Modern classical and avant garde concert music of the 20th and 21st centuries forms the primary focus of this blog. It is hoped that through the discussions a picture will emerge of modern music, its heritage, and what it means for us.
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Monday, April 16, 2012
Alfred Schnittke, Zwolf Bußverse, Stimmen der Natur, Choral Works
Alfred Schnittke (1934-1998) is not a composer one can easily pin down. Unlike his contemporary Arvo Part, for example, who writes with an unmistakable signature style in much of his mature work, Schnittke combines old and new in various ways. His "Zwolf Bußverse" or "12 Pentitental Psalms", completed in 1988 and available in a new recording by SWR Volkalensemble Stuttgart under Marcus Creed (Hanssler Classic 93-281), utilizes a mixed choir in music that has the starkness of Orthodox chant and other old forms, yet also utilizes an expanded harmonic vocabulary and dissonace as part of the overall pallete of sound for expressive means.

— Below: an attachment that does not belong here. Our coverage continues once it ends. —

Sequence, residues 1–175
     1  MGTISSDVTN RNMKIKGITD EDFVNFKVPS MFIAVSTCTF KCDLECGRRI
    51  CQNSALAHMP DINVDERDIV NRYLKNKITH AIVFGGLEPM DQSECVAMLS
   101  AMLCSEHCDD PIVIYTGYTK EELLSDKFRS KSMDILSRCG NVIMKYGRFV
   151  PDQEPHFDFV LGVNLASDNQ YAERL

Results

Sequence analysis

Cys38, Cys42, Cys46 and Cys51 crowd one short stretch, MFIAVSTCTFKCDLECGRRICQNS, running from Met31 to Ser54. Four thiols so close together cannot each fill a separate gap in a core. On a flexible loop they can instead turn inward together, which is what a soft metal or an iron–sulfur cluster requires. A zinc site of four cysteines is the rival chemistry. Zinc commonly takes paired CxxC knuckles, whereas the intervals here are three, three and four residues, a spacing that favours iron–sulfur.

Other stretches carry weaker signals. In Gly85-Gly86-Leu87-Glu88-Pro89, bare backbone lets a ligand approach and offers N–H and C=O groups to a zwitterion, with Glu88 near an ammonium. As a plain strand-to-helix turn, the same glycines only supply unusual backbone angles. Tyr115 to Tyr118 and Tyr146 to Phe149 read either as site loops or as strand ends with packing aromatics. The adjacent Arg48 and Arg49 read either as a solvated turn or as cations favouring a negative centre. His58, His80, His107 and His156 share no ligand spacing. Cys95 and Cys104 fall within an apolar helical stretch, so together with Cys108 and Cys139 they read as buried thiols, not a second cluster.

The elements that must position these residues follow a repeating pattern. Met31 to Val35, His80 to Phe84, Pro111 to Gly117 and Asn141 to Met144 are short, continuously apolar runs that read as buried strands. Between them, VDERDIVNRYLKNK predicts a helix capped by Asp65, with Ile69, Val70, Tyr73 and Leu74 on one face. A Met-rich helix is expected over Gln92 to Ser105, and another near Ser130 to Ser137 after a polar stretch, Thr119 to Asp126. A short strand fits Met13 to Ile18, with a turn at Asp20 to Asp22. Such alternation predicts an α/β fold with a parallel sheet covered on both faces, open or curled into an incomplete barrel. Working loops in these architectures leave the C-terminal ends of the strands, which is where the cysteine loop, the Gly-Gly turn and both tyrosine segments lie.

It's a work that is performed beautifully by the SWR choir with a buoyantly live sound staging. All that later Schnittke was is there, complexity-in-simplicity, music both of and out of its time, the adroit handling of voicings. It's without a doubt one of his most compelling choral works.
The album rounds out with a short "Stimmen der Natur" (1972) for 10 women's voices and vibraphone. You can hear him working his way though the modernism of his time towards something the Psalms bring to life fully.
Recommended for all Schnittke admirers and those who want to get a grasp on the full spectrum of "post-" classicism in its full flowering.
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